Wednesday, May 24, 2017

Framed (1975)

For once, gambler and bar owner Ron Lewis (Joe Don Baker) wins big. So big, he’ll be able to pay off the bank and actually own his bar. Alas, on his way home with the bag of money in his car, he stumbles upon a crime, is being shot at, and has barely reached his home when he is accosted by a deputy sheriff who most certainly wants to kill him for some reason Ron will need years to understand.

Ron’s tough, though, so instead of a dead gambler, there’s a dead cop in his garage now, which is an improvement on the alternative only in so far as our hero is now alive to be arrested for cop killing. To add insult to injury, the Sheriff and his cronies steal Ron’s money, and put quite a bit of work in to land him in prison. Hiring thugs to rape and threaten his girlfriend Susan (Conny Van Dyke) so that she’s too broken to help him or herself, changing police documentation – it’s all in a day’s work. Because this charming little Southern small town is going for the prize as most corrupt town in the USA, even Ron’s lawyer is part of the bad guys. Consequently, he lands in prison for the crime of self-defence, is apparently left by the woman he loves for no good reason, he life turning into a particularly harsh honkytonk tune.

In prison, Ron at first seemingly aims for getting himself killed right quick by doing everything to piss off the guards (and when in doubt other prisoners too). Fortunately, our hapless protagonist does leave a positive impression with gambler and mafia big shot Sal (John Marley) by taking a knife for him, so Sal takes Ron under his wing, teaching him the art of laying low until one is released, and promises help when needed. Because Ron’s a personable guy, he also becomes friends with professional killer Vince (Gabriel Dell), a friendship that just might save his life later on.

For once he’s released, Ron does of course return to his stinking hole of a home town to take vengeance on the men responsible for his incarceration and get back his money; and that’s before he learns why he never heard anything from Susan. Oh, and he might just have to find out what’s actually going on. Apart from his prison buddies, Ron will find an unexpected ally in deputy sheriff Brock Peters (Sam Perry) who has his own perspective on what his “colleagues” and other parts of the deeply corrupt town have been up to, thanks to him being what appears to be the only black cop in town.

Framed’s director Phil Karlson had been active in filmmaking since the 40s, with a handful of 50s hard-boiled noirs being particular jewels in his crown. Unlike a lot of his contemporaries, Karlson didn’t phase out from the big screen to work for TV in the 60s and 70s. Instead, he found a home in the exploitation market where veterans able to shoot quickly, on budget but with a certain panache were probably more than just a useful commodity. Consequently, he didn’t end his career on some anonymous TV stint but on his second feature with the great Joe Don Baker after Walking Tall.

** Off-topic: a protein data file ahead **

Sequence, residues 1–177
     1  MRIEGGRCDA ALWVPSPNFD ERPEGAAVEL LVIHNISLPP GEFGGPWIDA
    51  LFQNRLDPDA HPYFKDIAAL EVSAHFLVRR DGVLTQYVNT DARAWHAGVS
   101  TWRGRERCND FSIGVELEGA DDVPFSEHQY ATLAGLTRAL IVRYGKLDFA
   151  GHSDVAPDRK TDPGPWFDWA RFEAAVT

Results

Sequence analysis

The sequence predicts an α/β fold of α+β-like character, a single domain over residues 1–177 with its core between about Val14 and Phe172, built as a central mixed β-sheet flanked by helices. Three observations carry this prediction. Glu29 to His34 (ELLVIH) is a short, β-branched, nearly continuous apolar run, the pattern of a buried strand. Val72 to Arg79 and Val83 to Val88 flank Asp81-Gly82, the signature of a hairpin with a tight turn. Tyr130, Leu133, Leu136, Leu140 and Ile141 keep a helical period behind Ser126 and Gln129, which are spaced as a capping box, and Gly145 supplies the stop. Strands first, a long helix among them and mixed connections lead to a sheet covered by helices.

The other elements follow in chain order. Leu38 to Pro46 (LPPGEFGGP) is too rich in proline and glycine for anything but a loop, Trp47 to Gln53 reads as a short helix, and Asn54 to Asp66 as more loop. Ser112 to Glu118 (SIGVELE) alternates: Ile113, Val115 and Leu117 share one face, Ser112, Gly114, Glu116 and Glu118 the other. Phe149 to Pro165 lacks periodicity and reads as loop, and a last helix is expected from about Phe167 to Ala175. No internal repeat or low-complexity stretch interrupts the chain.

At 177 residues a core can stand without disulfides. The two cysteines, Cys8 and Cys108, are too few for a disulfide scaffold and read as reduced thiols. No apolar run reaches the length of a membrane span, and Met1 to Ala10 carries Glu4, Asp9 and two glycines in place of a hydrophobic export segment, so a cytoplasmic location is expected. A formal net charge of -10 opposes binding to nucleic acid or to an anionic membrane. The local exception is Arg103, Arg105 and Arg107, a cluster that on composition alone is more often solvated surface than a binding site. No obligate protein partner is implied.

Framed is a fine note to end on, too, for while there are certainly technical flaws typical for the seat of your pants filmmaking of exploitation movies visible on screen from time to time – particularly the editing seems pretty rough in a few scenes – the film has energy in spades. Much of this energy is a practical demonstration of how effective Karlson’s on paper somewhat blunt and direct style could be in practice. Karlson wasn’t the kind of guy to go for fancy camera work, overtly stylish framing or anything visibly arty in most of his films, but there’s a directness to the action scenes here that makes these scenes irresistible and riveting, belying the film’s small scale again and again by feeling big. The violence on screen has an hard edge, with fights that feel ugly and authentic for most of the time. Baker’s self-defence killing of the deputy is particularly brutal, emphasising the stakes at hand. And even though Karlson isn’t a fancy director, that doesn’t mean he’s stupid: he tends to shoot fights so close to the combatants you can see sweat (there’s a lot of sweat in the movie) dripping and spittle flying; from time to time, he also adds flourishes of grim humour, like late in the film when one character is thrown out of a window and we only hear but don’t see a dog ripping him to shreds.

Karlson’s other main virtue is his willingness and ability to leave space for his actors to inhabit, so Joe Don has ample opportunity to let his particular kind of screen presence bounce off a bunch of great character actors. This sort of thing is always a joy to watch and in Framed often adds moments of dark-humoured whimsy to the generally brutal proceedings. Ron’s relationship with Vince is a particular joy in this regard.

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